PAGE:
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BookWatch: Looking for a ‘third act’ when you retire? The more dramatic, the better.

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Near-retirees may want to take a note from the playbook – a Broadway playbook, perhaps – and contemplate what their third act will be on this stage called life.

The third act, often associated with the theatrical industry, is “what people do after they do what they do,” said Josh Sapan, author of “The Third Act: Reinventing Your Next Chapter” (published by Princeton Architectural Press). In other words, “what happens later.” And just like the theater business, it’s even better when there’s a little drama associated with it, he said. 

Sapan’s book profiles more than 60 people and the third acts they pursued. Some of the examples are well-known celebrities, such as Alan Alda, the MASH actor who now helps scientists and researchers communicate their work in layman’s terms, as well as your everyday Americans, such as the oldest graduate – at 80 years old – of Alabama A&M University and the telecommunications executive turned museum founder. 

See: To age and retire well, try to have a plastic mind and a rubber soul 

Sapan spoke with MarketWatch about what it means to pursue a completely different field, what he’s seen from others and how he’s started his own third act. 

MarketWatch: You mention more than 60 stories of third acts in your books – what is one or two things they all have in common? 

Josh Sapan: That they – and I hope this doesn’t sound trite – but that they’re really looking forward, not backward. And they’re looking forward without limitation, and with as much – or more – zeal as people have when they begin something that they’re excited about, such as beginning one’s careers. 

MarketWatch: Could you share one of your favorite examples of someone pursuing their third act? 

Sapan: I can share a few. There was one woman, Hope Harley, she had a career as a telecommunications executive and she founded the Bronx Children’s Museum, which has not too much to do with being a telecommunications executive. There was another guy named Steve Jaffey, known as a hotheaded referee in the NBA who became a church deacon. There’s another man, Art Shill, who was a chemist and became a stand-up comedian at age 83. There’s another woman, Andrea Peterson, who was in a fire as a kid, and she always wanted to be a firefighter. She became a firefighter much later in life. Then there’s another guy named Jamal Joseph who in his youth was a Black Panther and founded a theater group called Impact Theater. There are then many well-known people – Norman Lear, who just turned 100. He is a noted television writer-producer and a phenomenal social activist at age 100. 

MarketWatch: Retirement was traditionally the end of work – you left your job, moved by the beach. How would you define retirement now?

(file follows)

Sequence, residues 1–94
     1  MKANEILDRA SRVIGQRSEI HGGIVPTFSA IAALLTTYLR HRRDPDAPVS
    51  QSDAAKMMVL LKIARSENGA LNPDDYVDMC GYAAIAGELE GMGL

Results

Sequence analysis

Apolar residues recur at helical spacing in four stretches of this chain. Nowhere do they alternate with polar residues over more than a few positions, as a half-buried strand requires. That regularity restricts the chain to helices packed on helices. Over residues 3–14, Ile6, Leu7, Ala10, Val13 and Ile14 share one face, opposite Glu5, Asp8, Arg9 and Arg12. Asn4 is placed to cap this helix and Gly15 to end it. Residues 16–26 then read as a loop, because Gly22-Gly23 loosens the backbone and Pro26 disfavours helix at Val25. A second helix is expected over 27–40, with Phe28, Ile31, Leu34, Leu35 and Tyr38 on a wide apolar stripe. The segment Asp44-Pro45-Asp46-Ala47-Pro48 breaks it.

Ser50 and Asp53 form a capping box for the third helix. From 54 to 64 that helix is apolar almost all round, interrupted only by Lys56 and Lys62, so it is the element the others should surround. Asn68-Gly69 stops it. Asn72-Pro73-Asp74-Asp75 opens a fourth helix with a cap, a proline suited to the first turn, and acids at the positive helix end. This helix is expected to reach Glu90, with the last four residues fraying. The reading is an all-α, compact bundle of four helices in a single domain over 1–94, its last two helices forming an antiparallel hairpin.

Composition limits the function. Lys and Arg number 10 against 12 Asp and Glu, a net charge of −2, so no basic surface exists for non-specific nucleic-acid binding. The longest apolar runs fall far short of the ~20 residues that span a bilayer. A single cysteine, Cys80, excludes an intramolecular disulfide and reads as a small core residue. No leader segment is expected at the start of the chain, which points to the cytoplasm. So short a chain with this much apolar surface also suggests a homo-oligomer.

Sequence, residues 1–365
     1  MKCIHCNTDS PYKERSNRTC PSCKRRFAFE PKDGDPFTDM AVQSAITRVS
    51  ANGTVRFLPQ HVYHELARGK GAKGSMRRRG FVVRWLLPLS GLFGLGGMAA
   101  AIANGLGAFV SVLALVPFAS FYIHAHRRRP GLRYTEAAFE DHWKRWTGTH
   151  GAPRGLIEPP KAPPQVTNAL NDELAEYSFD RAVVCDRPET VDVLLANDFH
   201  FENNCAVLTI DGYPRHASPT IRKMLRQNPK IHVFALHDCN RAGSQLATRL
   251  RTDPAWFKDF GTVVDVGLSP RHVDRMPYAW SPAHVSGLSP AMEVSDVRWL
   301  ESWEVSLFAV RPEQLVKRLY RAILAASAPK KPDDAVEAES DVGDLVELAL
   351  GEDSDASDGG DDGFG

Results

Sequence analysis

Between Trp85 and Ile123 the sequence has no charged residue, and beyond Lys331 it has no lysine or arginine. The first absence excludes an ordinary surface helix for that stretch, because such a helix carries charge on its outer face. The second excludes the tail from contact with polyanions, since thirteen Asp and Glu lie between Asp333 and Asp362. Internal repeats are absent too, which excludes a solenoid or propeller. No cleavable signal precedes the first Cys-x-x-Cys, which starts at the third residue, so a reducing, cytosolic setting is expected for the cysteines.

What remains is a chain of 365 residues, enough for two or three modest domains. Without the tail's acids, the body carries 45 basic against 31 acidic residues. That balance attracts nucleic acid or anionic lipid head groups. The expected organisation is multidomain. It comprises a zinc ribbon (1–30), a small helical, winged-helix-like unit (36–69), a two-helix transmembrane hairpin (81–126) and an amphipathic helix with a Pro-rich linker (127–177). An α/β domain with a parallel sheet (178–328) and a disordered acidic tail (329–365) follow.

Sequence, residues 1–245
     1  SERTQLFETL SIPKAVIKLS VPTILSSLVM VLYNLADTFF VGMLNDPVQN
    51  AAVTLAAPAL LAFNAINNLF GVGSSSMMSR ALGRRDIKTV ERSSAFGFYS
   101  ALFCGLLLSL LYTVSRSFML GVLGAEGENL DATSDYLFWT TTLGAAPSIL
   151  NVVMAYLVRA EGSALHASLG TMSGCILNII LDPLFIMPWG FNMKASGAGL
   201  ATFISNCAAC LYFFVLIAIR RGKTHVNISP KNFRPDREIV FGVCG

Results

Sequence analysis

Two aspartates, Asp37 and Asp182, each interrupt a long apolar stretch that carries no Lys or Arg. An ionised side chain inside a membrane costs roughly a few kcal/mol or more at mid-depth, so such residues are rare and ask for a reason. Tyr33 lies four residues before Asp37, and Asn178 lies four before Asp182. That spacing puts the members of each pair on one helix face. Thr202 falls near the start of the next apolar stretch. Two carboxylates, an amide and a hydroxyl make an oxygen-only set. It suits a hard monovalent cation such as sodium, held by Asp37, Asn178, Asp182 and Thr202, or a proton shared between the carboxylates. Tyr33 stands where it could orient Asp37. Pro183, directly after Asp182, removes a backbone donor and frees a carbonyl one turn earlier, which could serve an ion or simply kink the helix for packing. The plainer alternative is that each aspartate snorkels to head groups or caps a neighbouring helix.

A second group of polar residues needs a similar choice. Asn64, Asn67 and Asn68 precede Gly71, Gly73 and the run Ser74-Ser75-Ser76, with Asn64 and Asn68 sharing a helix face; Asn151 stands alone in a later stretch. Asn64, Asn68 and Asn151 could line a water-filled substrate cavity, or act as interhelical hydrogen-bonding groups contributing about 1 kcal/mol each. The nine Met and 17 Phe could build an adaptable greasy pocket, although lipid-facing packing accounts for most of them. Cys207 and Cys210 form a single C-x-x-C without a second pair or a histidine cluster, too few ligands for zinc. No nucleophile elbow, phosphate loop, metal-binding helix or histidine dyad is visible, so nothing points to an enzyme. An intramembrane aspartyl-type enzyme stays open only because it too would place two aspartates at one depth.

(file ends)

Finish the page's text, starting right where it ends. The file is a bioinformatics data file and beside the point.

Sapan: You know, it is not unilateral. People are moving to the beach and golfing, and that’s pretty good too. Life expectancy has been historically on the rise so people are becoming “older.” It doesn’t mean one can’t go to the beach. It just means it creates a completely new opportunity. Of course, economics play into that. It is a pretty exciting phenomenon to observe – to watch someone at an age when they’re normally retreating and instead finding completely new and stimulating opportunities. 

Also see: How to figure out what to do in retirement, and make the transition

MarketWatch: How can people transition from what they once did, potentially for decades, to something entirely different? 

Sapan: I should really say, I am not a subject matter expert. There are subject matter experts on this, such as the person who wrote the forward in the book. I would hesitate to say I know the answer – I am closer to being a patient than a doctor. I can certainly refer to the 60 people in the book who seemed to have an answer, and what they had in common is that they seemed to relish the opportunity to look at the world, like Alan Alda, and determine how to participate with as much vigor and interest and often creativity as they might have at age 20-something. 

MarketWatch: You’re embarking on your own third act. How are you preparing for it, and what are you hoping to achieve? 

Sapan: I am probably just irritating my wife by doing every odd thing that has been in my mind for some time, but there are a number of things that are of great interest to me and they range from making independent films, which is something that I was more closely associated with earlier in my career, to just beginning to volunteer driving an ambulance. 

This interview was edited for clarity and length

Do you have questions about retirement, Social Security, where to live or how to afford it at all? Write to HelpMeRetire@marketwatch.com and we may use your question in a future story.

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